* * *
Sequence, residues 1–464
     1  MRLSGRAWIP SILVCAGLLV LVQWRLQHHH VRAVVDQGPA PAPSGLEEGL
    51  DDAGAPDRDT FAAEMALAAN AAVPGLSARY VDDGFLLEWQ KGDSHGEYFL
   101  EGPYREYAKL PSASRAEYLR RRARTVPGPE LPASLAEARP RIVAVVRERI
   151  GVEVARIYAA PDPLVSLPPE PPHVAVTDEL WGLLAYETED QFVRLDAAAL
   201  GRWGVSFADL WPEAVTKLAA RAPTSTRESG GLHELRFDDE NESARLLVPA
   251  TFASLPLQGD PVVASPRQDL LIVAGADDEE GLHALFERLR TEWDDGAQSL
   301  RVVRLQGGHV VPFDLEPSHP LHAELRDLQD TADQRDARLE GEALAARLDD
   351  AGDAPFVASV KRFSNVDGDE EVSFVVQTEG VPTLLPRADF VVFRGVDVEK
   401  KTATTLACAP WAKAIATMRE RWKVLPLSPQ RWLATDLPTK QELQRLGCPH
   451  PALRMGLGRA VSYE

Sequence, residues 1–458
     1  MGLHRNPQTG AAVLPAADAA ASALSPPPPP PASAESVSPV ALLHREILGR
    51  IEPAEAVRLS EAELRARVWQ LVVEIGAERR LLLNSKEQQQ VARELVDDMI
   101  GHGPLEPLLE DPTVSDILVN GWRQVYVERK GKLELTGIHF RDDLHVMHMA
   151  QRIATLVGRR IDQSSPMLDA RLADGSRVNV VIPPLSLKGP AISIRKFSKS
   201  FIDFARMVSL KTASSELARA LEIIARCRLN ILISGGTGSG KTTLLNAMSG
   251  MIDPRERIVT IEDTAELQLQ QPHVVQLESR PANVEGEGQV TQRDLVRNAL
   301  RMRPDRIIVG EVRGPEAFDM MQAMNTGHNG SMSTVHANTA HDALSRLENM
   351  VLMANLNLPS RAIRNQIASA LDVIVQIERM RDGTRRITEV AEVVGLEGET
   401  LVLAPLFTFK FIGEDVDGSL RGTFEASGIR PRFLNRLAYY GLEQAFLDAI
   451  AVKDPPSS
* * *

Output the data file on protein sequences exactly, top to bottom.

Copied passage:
Sequence, residues 1–464
     1  MRLSGRAWIP SILVCAGLLV LVQWRLQHHH VRAVVDQGPA PAPSGLEEGL
    51  DDAGAPDRDT FAAEMALAAN AAVPGLSARY VDDGFLLEWQ KGDSHGEYFL
   101  EGPYREYAKL PSASRAEYLR RRARTVPGPE LPASLAEARP RIVAVVRERI
   151  GVEVARIYAA PDPLVSLPPE PPHVAVTDEL WGLLAYETED QFVRLDAAAL
   201  GRWGVSFADL WPEAVTKLAA RAPTSTRESG GLHELRFDDE NESARLLVPA
   251  TFASLPLQGD PVVASPRQDL LIVAGADDEE GLHALFERLR TEWDDGAQSL
   301  RVVRLQGGHV VPFDLEPSHP LHAELRDLQD TADQRDARLE GEALAARLDD
   351  AGDAPFVASV KRFSNVDGDE EVSFVVQTEG VPTLLPRADF VVFRGVDVEK
   401  KTATTLACAP WAKAIATMRE RWKVLPLSPQ RWLATDLPTK QELQRLGCPH
   451  PALRMGLGRA VSYE

Sequence, residues 1–458
     1  MGLHRNPQTG AAVLPAADAA ASALSPPPPP PASAESVSPV ALLHREILGR
    51  IEPAEAVRLS EAELRARVWQ LVVEIGAERR LLLNSKEQQQ VARELVDDMI
   101  GHGPLEPLLE DPTVSDILVN GWRQVYVERK GKLELTGIHF RDDLHVMHMA
   151  QRIATLVGRR IDQSSPMLDA RLADGSRVNV VIPPLSLKGP AISIRKFSKS
   201  FIDFARMVSL KTASSELARA LEIIARCRLN ILISGGTGSG KTTLLNAMSG
   251  MIDPRERIVT IEDTAELQLQ QPHVVQLESR PANVEGEGQV TQRDLVRNAL
   301  RMRPDRIIVG EVRGPEAFDM MQAMNTGHNG SMSTVHANTA HDALSRLENM
   351  VLMANLNLPS RAIRNQIASA LDVIVQIERM RDGTRRITEV AEVVGLEGET
   401  LVLAPLFTFK FIGEDVDGSL RGTFEASGIR PRFLNRLAYY GLEQAFLDAI
   451  AVKDPPSS